Shona is the principle language of Zimbabwe, in southern Africa. It is spoken by about 8 million people, or 70 percent of the native population. Shona is another of the Bantu languages.
There are five main Shona language groups: Korekore, Zezuru, Manyika, Ndau, and Karanga . The last of these groups was largely absorbed by the Ndebele [] when they moved into western Zimbabwe in the 1830s. Shona are linguistically related to the central Bantu and most likely moved into present day Zimbabwe during the great Bantu expansion.
History of the Shona People
The archaeological ruins known as "Great Zimbabwe" have been radio carbon dated to approximately 600 A.D. Historic findings seems to point to the fact that the ancestors of modern day Shona people built Great Zimbabwe and hundreds of other stone walled sites in Zimbabwe. Bantu-speaking farmers, either Khoisan settlers or Iron Age migrants from the north, were the first occupants of the Great Zimbabwe site in the south of the country. Between 500 and 1000AD, the Gokomere (a Bantu group) enslaved and absorbed San groups in the area. As early as the 11th century, some foundations and stonework were in place at Great Zimbabwe and the settlement, generally regarded as the burgeoning Shona society.
The original Shona occupants of Zimbabwe are all embodied under the umbrella name “Hungwe”. The conquerors of the Hungwe fall under the blanket name “Mbire”. It is believed that it was the Mbire who were the founders of the Mutapa Empire as well as the Rozvi Empire which was destroyed by the various Nguni tribes that passed through the land of Zimbabwe during the Mfecane wars. Namely, the Ndebele tribe, who now occupy southwest Zimbabwe, and the Shangane tribe in the southeast of Zimbabwe. The Hungwe settled in Zimbabwe for probably two to three hundred years before the Mbire arrived.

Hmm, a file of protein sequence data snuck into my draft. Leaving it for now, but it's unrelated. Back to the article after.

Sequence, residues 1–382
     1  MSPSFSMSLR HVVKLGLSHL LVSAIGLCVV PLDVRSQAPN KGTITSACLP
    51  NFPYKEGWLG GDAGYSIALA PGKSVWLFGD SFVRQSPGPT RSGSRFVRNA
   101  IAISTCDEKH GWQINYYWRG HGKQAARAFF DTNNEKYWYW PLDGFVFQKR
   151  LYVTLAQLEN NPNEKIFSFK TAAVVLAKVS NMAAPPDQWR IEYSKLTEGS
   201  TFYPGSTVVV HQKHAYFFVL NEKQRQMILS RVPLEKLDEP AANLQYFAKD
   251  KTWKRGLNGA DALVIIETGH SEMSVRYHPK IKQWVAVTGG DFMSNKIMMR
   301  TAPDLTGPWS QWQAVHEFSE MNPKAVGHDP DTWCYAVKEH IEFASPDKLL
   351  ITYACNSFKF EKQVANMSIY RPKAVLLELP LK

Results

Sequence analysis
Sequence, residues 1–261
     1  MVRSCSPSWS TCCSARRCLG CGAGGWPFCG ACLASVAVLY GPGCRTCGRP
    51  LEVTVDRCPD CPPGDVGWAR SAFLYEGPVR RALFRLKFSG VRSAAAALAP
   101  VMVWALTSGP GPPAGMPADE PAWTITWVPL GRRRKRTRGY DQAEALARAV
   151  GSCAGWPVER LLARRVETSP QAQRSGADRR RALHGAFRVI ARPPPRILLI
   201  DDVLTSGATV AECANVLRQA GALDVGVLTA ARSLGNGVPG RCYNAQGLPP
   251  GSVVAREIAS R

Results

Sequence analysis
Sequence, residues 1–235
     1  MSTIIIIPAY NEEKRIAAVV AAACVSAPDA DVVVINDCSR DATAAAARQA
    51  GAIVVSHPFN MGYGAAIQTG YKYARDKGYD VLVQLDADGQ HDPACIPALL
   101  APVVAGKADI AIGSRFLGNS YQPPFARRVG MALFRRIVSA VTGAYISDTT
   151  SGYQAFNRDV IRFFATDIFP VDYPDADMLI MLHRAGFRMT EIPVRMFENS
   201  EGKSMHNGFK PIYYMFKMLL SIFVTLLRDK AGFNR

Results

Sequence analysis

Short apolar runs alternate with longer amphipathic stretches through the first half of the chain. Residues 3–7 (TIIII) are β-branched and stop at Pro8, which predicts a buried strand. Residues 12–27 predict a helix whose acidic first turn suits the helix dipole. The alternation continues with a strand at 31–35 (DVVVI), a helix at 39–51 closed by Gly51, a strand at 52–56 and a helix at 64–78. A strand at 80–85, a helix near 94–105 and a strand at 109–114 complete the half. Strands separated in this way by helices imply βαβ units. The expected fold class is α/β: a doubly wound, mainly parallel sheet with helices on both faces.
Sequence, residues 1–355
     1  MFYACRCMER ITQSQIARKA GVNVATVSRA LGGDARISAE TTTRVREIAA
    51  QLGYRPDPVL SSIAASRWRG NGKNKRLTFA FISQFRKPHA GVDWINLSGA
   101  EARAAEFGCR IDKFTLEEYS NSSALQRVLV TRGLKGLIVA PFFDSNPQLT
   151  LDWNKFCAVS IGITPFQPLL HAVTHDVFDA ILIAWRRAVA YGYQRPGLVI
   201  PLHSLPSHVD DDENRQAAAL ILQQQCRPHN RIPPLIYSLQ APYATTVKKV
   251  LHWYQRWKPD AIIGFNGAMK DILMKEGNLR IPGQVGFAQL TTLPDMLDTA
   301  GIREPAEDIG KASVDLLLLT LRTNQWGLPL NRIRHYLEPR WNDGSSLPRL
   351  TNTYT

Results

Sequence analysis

Its important to note that the difference between the present day Mbire (which refers to the Marondera – Wedza district and the people whose is mutopo is Soko or Mhofu), and the 1500 A.D. Mbire. In about 1500 A.D. the term referred to all the members of the invading family which took over the land from the Hungwe. The Mbire took over the land of Zimbabwe around somewhere between 1000 and 1050 AD. Their invasion from across the Zambezi river marked the beginning of the dynasty of the Mbire empire which is commonly known as Mutapa Empire (state). The Mutapa Empire or Mbire Empire covered most pasts of present day Zimbabwe . The empire incorporated most of the whole of Mozambique, South of the Zambezi river and north of the Sabi river down to the sea. Some of the present day South Africa tribes are known to have been segmented from the Shona (best known ones are the Venda and Lovendu). The expansion of Mbire Empire, include the following shona tribes Barwe, Manyika, Ndau, Korekore, Shangwe, and Guruuswa.
The Shona tribe, believe in veneration of spirits. There is a line of thought that suggests that the Shona people are descendants from one group of families, that was ruled by one paramount Chief. This line of thought would justify the fact that such Shona High spirits as Chaminuka, Kaguvi and Nehanda command unquestionable authority over all Shona tribes. It is this that could have enabled the Shona risings of 1896-7, known as the First Chimurenga. Before the risings there where a number of mhondoros (Mhondoro is a Shona language term meaning the founding ancestor of a particular dynasty) in Zimbabwe but none had the authority to co-ordinate the various Shona tribes against the European settlers.